by Alex Mika ’21 (CLAS)
As an undergraduate English major, Ali Oshinskie started her own podcast, Professors are People Too, to teach herself the fundamentals of radio journalism. It was in this process of interviewing faculty members, crafting narratives, and sharing experiences that she decided to pursue a career in journalism. She graduated from UConn in 2017, and currently works with Connecticut Public Radio and Report for America as a reporter for the Naugatuck River Valley region.
Alex Mika: In 2016, you started a podcast, Professors Are People Too. What inspired you to create this project?
Ali Oshinskie: I started that podcast because I had applied for an internship at Connecticut Public Radio, and I didn’t get it. I was really disappointed. And then I thought, “In the real world, not everything is going to be taught to me. So, I’m going to try to teach myself.” I wanted to make a podcast, so I came up with this idea based on something that I really enjoyed as a student: going to office hours and understanding more about what I was learning by talking directly with the professor. I figured out how to use a recorder and a mic, used the student radio station WHUS, and taught myself through YouTube videos. I also had a really great support network. When I got into radio, I got that internship the second time I applied. That was where I started really loving journalism.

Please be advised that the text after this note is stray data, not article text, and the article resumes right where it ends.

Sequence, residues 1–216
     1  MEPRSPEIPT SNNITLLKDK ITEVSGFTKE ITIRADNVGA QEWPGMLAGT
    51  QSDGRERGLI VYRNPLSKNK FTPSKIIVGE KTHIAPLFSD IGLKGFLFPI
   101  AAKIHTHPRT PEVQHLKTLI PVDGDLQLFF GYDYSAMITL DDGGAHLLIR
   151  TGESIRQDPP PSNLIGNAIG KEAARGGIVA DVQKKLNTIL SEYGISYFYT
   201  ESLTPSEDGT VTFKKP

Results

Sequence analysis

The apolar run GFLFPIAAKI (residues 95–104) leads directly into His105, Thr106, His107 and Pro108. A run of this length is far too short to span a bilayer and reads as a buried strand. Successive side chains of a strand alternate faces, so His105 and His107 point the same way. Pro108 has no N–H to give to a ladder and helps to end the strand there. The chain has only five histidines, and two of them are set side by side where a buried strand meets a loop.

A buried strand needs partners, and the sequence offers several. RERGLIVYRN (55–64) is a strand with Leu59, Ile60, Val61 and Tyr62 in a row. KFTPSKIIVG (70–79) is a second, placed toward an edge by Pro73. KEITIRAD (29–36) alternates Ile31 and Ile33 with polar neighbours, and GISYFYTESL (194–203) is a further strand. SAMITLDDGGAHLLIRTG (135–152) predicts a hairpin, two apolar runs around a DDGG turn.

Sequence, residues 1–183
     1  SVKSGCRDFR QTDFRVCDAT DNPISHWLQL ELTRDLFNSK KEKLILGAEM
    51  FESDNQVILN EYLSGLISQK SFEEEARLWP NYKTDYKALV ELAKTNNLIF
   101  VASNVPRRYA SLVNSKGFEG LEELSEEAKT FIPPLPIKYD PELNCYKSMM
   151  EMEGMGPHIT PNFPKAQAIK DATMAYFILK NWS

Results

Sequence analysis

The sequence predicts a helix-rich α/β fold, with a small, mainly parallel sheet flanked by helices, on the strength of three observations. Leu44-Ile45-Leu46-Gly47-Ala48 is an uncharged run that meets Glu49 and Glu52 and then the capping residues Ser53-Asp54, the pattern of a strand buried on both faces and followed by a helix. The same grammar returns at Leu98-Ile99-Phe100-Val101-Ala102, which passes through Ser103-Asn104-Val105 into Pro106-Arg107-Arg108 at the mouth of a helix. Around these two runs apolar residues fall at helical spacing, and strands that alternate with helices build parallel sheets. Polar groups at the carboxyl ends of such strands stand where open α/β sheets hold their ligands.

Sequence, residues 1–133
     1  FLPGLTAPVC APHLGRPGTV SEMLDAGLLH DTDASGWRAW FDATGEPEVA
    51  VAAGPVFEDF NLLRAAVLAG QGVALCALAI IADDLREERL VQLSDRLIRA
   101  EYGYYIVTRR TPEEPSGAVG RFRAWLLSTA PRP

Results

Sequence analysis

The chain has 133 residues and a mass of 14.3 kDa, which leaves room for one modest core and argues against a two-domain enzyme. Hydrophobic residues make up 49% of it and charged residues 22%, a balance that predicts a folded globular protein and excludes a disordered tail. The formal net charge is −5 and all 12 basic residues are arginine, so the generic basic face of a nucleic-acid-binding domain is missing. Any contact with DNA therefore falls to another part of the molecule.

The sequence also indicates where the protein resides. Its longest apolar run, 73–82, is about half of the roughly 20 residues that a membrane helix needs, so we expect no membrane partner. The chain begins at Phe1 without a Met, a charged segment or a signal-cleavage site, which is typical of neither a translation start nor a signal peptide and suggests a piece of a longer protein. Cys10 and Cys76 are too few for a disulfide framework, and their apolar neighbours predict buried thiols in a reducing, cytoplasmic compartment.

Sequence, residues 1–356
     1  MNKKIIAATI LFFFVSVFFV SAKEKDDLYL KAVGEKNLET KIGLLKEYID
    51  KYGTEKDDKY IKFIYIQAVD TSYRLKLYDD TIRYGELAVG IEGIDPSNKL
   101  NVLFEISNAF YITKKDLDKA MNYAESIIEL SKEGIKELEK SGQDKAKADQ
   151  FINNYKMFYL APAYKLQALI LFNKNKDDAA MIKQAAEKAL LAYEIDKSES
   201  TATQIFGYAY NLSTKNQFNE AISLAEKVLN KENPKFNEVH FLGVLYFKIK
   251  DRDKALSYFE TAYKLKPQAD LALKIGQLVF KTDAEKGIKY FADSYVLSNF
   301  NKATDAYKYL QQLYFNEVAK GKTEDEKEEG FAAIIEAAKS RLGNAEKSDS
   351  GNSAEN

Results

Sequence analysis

AM: How did your experiences as an English major prepare you for journalism?
AO: I think as an English major, you’re taught a lot about how to make an argument. And as a journalist, you’re taught how to understand arguments and juxtapose them with facts. You need to create a path of truth in all the noise. I built on what I learned in the major by doing a bunch of internships, fellowships, and independent freelance work. And now, I’m a reporter.
AM: Recently, you began working for Report for America. How did you discover this opportunity?